Data Availability Statement
Datasets used in this study can be found in the Database of Single Nucleotide Polymorphisms (dbSNP). Bethesda (MD): National Center for Biotechnology Information, National Library of Medicine. dbSNP accession: rs144215383, rs201243440, rs140520584, rs199681253 and rs137853333. Available at: https://www.ncbi.nlm.nih.gov/snp.
ML, AP and AM designed the experiments and wrote the manuscript. ML and AP performed the experiments. ML, AP, JL and AM analyzed the data.
This work was supported by grants from National Heart, Lung, and Blood Institute (NHLBI) R01-HL102758 (AM), the Training Program in Integrative Membrane Biology National Institute of General Medical Sciences (NIGMS) T32-GM008181 (AM and AP), and The American Physiological Society’s Ryuji Ueno award, sponsored by the S & R Foundation (AM).
Conflict of Interest
The authors declare that the research was conducted in the absence of any commercial or financial relationships that could be construed as a potential conflict of interest.
We thank Beth A. McNally for assistance with electrophysiological recordings. We thank Hans Moldenhauer for comments on the manuscript.
- ^ http://www.ncbi.nlm.nih.gov/projects/SNP/
- ^ http://mutpred.mutdb.org/
- ^ https://somapp.ucdmc.ucdavis.edu/pharmacology/bers/maxchelator/webmaxc/webmaxcS.htm
The Supplementary Material for this article can be found online at: https://www.frontiersin.org/articles/10.3389/fnmol.2019.00285/full#supplementary-material.
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Keywords: BK channel, KCa1.1, calcium-activated potassium channel, KCNMA1, potassium channel, MaxiK, Slo, slopoke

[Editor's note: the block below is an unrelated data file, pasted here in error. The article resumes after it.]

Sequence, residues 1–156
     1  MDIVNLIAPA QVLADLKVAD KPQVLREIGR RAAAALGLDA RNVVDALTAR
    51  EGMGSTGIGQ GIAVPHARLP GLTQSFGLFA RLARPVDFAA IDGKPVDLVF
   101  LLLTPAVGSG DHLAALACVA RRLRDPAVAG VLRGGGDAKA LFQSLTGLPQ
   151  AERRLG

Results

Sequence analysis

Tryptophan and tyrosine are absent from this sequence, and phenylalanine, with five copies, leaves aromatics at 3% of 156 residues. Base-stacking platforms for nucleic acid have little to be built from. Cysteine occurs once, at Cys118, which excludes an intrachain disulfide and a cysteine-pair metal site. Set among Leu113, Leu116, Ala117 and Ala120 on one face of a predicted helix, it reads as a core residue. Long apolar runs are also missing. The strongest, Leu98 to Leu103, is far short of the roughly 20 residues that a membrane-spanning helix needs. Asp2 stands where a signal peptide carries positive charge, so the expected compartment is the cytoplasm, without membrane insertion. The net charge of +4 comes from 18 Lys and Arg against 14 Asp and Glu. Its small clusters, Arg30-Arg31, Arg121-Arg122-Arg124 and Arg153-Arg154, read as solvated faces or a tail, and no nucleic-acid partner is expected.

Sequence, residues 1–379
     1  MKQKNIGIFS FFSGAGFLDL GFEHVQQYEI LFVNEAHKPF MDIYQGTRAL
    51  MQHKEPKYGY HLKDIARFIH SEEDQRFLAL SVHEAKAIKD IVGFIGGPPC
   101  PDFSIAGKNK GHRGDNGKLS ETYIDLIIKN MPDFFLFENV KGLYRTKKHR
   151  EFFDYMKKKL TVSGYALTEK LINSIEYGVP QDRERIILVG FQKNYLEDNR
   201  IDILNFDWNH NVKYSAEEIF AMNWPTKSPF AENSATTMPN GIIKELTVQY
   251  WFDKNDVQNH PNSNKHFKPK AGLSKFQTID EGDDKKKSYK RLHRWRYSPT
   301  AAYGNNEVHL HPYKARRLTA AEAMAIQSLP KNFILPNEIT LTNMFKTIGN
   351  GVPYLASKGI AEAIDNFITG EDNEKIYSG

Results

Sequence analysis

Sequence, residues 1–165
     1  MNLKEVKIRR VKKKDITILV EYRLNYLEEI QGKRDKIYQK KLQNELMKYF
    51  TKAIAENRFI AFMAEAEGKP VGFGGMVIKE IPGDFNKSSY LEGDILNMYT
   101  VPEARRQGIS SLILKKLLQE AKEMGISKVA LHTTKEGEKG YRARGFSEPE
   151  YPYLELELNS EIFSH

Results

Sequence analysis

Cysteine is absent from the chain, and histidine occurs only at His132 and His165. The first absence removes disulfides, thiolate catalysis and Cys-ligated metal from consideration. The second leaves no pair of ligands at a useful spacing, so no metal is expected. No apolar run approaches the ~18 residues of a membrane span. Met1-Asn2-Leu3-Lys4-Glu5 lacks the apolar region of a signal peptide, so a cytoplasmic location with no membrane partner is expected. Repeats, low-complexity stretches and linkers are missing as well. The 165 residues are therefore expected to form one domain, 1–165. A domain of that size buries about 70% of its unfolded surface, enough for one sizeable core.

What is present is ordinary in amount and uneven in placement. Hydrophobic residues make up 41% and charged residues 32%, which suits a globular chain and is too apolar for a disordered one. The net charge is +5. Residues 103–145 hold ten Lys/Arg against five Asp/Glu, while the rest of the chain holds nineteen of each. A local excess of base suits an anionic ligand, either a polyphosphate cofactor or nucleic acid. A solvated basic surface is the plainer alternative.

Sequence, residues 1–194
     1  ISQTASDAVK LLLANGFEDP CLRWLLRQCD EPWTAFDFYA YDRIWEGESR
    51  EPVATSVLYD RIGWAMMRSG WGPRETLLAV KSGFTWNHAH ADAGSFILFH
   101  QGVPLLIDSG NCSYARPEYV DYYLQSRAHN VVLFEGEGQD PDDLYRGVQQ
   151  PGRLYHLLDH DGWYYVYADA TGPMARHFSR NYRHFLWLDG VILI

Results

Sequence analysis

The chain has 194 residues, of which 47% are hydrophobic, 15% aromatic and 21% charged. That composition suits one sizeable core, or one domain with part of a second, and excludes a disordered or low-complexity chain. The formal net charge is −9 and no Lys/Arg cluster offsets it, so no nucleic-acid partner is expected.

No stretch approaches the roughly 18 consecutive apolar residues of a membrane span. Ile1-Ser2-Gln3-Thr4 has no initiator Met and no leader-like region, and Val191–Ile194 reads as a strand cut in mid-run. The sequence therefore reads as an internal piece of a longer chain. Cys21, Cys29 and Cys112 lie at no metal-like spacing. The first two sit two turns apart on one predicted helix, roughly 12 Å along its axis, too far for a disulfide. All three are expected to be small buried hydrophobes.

Citation: Plante AE, Lai MH, Lu J and Meredith AL (2019) Effects of Single Nucleotide Polymorphisms in Human KCNMA1 on BK Current Properties. Front. Mol. Neurosci. 12:285. doi: 10.3389/fnmol.2019.00285
Received: 19 July 2019; Accepted: 12 November 2019;
Published: 03 December 2019.
Edited by:Panpan Hou, Washington University in St. Louis, United States
Reviewed by:Wandi Zhu, Brigham and Women’s Hospital and Harvard Medical School, United States
Ramon Latorre, University of Valparaíso, Chile
Copyright © 2019 Plante, Lai, Lu and Meredith. This is an open-access article distributed under the terms of the Creative Commons Attribution License (CC BY). The use, distribution or reproduction in other forums is permitted, provided the original author(s) and the copyright owner(s) are credited and that the original publication in this journal is cited, in accordance with accepted academic practice. No use, distribution or reproduction is permitted which does not comply with these terms.
*Correspondence: Andrea L. Meredith, firstname.lastname@example.org
† These authors have contributed equally to this work